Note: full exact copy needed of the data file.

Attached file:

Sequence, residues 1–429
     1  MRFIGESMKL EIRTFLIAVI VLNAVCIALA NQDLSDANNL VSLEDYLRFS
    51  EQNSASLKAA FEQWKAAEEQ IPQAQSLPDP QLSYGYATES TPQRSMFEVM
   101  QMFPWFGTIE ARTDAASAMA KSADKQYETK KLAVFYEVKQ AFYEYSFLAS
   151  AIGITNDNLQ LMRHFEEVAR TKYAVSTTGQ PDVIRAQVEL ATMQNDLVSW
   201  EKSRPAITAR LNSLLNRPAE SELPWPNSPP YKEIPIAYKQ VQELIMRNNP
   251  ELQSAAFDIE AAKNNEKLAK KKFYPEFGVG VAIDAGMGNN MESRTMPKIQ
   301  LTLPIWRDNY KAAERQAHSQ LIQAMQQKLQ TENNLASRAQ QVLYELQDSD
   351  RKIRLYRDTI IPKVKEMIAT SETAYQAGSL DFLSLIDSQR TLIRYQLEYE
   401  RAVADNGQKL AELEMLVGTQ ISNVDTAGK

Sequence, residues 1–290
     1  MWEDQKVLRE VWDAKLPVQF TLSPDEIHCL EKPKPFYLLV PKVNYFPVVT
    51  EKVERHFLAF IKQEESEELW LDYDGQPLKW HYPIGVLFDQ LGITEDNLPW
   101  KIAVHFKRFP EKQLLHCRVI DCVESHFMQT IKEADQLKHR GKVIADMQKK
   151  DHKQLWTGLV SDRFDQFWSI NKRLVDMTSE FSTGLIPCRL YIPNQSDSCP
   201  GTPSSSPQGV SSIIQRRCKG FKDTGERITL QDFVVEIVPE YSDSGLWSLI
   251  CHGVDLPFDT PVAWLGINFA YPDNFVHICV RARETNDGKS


Sequence, residues 1–429
     1  MRFIGESMKL EIRTFLIAVI VLNAVCIALA NQDLSDANNL VSLEDYLRFS
    51  EQNSASLKAA FEQWKAAEEQ IPQAQSLPDP QLSYGYATES TPQRSMFEVM
   101  QMFPWFGTIE ARTDAASAMA KSADKQYETK KLAVFYEVKQ AFYEYSFLAS
   151  AIGITNDNLQ LMRHFEEVAR TKYAVSTTGQ PDVIRAQVEL ATMQNDLVSW
   201  EKSRPAITAR LNSLLNRPAE SELPWPNSPP YKEIPIAYKQ VQELIMRNNP
   251  ELQSAAFDIE AAKNNEKLAK KKFYPEFGVG VAIDAGMGNN MESRTMPKIQ
   301  LTLPIWRDNY KAAERQAHSQ LIQAMQQKLQ TENNLASRAQ QVLYELQDSD
   351  RKIRLYRDTI IPKVKEMIAT SETAYQAGSL DFLSLIDSQR TLIRYQLEYE
   401  RAVADNGQKL AELEMLVGTQ ISNVDTAGK

Sequence, residues 1–290
     1  MWEDQKVLRE VWDAKLPVQF TLSPDEIHCL EKPKPFYLLV PKVNYFPVVT
    51  EKVERHFLAF IKQEESEELW LDYDGQPLKW HYPIGVLFDQ LGITEDNLPW
   101  KIAVHFKRFP EKQLLHCRVI DCVESHFMQT IKEADQLKHR GKVIADMQKK
   151  DHKQLWTGLV SDRFDQFWSI NKRLVDMTSE FSTGLIPCRL YIPNQSDSCP
   201  GTPSSSPQGV SSIIQRRCKG FKDTGERITL QDFVVEIVPE YSDSGLWSLI
   251  CHGVDLPFDT PVAWLGINFA YPDNFVHICV RARETNDGKS